Volvo XC40 plug-in hybrid long-term test: report 3

What Car? Award-winning family SUV is now available as a plug-in hybrid, so is it the best choice for buyers seeking practical but economical motoring? We have four months to find out...

Darren loading Volvo XC40

The car Volvo XC40 Recharge T5 Inscription Pro Run by Darren Moss, deputy editor

Why it’s here To show that choosing a greener car need not lead to compromises for either lifestyle or driving fun

Needs to Offer lower running costs than an equivalent combustion-engined car, be practical for longer holiday trips and function as a mobile office when needed

Mileage 1095 List price £42,440 Target Price £39,733 Price as tested £47,055 Test economy 38.9mpg Official economy 134.5mpg

25 August 2020 – A view from the rear

Like many of us, my summer holiday ambitions this year didn’t extend beyond the UK, but heading for a relaxing week in the coastal town of Wells-next-the-sea did give me the chance to spend quality time with my Volvo XC40 plug-in hybrid. Fortunately, it got off to a good start: the boot had plenty of space for all of my luggage, and being able to open it just by pressing the key rather than fumbling for a release button made loading and unloading a lot easier. 

Ferrying my parents around also revealed some new impressions from the rear bench, and especially the restricted nature of the view out from back there, with both commenting that the XC40’s upwards-slanted rear windows meant they weren’t able to see as much of the gorgeous Norfolk countryside as they’d like. That upwards line on the rear windows makes my XC40 look fantastic from the outside, but my mother said that she’d rather sacrifice exterior looks for having a rear bench with more light.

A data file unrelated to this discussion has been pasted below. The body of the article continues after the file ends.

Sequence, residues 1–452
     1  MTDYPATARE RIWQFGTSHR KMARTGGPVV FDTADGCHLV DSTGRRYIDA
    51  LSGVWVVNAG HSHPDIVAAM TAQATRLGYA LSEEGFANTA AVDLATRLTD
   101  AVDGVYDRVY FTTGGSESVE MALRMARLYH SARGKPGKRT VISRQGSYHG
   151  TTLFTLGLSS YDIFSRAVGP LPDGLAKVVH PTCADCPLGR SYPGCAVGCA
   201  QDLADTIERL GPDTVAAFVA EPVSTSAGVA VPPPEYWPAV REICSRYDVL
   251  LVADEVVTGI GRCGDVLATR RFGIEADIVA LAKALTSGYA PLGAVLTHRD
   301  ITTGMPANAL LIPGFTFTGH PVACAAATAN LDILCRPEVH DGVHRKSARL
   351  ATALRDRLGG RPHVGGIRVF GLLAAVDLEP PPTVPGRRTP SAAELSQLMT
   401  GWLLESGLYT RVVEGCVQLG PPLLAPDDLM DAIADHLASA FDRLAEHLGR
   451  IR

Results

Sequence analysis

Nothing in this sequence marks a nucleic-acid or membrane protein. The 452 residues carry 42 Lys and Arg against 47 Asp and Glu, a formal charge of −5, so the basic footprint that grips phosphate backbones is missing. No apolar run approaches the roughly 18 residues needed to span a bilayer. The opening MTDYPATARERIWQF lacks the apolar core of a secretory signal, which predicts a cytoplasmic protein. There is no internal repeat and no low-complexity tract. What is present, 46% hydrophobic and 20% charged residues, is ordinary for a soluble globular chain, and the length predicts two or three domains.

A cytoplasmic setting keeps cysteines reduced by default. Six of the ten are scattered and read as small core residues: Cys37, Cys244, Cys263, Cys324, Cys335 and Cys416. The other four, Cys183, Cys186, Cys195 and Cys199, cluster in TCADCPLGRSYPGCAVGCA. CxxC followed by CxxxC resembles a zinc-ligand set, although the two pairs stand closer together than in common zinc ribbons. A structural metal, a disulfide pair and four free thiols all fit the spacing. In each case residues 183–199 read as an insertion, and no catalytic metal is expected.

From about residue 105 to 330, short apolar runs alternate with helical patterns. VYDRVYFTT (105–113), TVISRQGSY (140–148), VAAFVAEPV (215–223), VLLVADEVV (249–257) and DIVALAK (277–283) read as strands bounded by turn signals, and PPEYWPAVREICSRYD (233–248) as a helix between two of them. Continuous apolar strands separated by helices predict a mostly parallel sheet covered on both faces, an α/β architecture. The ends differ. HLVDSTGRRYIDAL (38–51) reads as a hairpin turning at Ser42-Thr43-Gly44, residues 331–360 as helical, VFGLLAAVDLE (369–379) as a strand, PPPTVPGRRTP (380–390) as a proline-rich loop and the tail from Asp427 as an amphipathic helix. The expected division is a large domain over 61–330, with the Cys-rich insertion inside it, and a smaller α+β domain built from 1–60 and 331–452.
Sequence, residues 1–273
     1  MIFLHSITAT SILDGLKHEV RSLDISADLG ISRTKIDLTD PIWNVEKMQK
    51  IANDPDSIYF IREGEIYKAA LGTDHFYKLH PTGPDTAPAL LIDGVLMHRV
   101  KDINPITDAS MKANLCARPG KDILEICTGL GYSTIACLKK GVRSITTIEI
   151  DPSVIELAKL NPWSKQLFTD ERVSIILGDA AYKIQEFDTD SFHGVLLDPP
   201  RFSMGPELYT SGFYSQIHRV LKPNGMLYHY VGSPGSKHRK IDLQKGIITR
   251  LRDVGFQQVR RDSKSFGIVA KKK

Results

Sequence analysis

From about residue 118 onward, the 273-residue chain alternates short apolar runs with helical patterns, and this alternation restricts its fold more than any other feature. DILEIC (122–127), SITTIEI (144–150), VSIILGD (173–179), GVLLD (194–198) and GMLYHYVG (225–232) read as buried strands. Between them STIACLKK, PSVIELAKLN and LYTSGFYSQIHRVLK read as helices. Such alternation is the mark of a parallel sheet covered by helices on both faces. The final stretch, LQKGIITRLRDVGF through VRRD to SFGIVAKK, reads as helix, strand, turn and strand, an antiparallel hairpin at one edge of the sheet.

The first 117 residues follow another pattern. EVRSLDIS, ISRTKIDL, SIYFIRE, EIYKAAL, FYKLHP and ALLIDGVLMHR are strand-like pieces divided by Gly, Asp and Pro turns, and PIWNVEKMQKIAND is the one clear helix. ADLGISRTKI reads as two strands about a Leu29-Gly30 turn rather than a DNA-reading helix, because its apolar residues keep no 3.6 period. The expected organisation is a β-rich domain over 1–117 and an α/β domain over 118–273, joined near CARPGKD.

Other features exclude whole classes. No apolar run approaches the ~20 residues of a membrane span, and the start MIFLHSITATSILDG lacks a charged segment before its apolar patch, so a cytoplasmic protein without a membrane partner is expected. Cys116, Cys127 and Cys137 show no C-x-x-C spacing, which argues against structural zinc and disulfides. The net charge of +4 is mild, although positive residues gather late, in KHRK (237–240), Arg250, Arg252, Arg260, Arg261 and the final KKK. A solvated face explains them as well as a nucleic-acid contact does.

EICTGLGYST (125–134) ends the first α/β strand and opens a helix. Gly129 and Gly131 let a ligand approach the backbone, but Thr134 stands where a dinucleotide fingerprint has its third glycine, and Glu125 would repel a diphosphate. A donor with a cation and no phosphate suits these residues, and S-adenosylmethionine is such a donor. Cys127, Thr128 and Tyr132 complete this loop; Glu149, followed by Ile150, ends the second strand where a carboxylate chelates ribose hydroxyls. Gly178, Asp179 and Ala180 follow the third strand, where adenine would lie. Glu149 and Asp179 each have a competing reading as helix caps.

That was the only complaint, though, and both parents said the XC40’s rear seats were comfortable and supportive for longer trips, and that they were pleased with the amount of head and leg room on offer – even when a 6ft-plus driver (i.e. me) was up front. This is one of the XC40 T5’s big plus points, in my book, because although it's carrying a bulky battery, you don’t lose out on interior space.

Darren's Dad in the Volvo XC40

Doing such a long trip from my home to the coast also gave me the opportunity to use Volvo’s sat-nav system. I never have spoken instructions turned on, since they interfere with whatever audio book or musical theatre playlist I’m engrossed in, but in the XC40 I have to mute the system each time I start a journey, which became frustrating after a while. I’d much rather the system remembered that I’d muted it last time, and not try to speak up every time I entered a new destination.

Still, the map was easy to follow and the system was very good at getting me back on track when I went wrong (possible due to the lack of spoken instructions, but we'll gloss over that). Even better, the digital instrument panel put the sat-nav’s instructions directly in my line of sight, meaning I could keep my attention on the road.

For all the latest reviews, advice and new car deals, sign up to the What Car? newsletter here

Read more on our long-term Volvo XC40 >>

Read about more long-term test cars >>

Also consider